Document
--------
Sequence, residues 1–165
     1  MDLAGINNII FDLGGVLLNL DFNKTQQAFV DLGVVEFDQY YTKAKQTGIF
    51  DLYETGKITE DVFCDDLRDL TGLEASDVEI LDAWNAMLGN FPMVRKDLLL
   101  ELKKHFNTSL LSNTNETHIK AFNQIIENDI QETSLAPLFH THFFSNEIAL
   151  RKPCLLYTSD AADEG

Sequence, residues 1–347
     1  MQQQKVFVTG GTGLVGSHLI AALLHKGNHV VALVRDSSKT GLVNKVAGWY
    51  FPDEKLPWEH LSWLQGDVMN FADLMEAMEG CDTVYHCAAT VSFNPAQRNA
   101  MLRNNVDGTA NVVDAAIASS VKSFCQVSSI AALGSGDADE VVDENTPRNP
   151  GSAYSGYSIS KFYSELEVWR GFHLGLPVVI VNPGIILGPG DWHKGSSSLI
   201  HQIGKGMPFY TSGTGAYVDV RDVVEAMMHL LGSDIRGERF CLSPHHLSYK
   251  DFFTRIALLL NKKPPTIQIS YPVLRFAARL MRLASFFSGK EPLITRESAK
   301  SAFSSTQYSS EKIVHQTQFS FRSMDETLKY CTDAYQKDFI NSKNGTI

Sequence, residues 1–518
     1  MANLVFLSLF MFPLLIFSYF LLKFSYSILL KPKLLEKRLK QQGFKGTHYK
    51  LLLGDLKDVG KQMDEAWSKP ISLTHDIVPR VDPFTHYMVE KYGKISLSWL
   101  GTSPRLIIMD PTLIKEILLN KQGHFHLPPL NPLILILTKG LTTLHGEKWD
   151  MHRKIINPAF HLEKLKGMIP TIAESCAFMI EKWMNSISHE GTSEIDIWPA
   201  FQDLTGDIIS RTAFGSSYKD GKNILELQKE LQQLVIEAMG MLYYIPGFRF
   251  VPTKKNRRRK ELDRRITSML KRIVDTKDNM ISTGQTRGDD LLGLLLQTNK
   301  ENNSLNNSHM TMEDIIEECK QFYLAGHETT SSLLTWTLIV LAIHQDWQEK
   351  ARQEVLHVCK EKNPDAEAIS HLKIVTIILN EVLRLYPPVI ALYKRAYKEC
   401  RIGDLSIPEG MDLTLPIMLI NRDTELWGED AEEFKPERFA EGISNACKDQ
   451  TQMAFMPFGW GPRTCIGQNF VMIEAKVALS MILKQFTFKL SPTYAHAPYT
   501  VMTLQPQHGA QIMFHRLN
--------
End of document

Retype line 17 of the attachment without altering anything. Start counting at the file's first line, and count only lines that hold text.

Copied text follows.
   101  GTSPRLIIMD PTLIKEILLN KQGHFHLPPL NPLILILTKG LTTLHGEKWD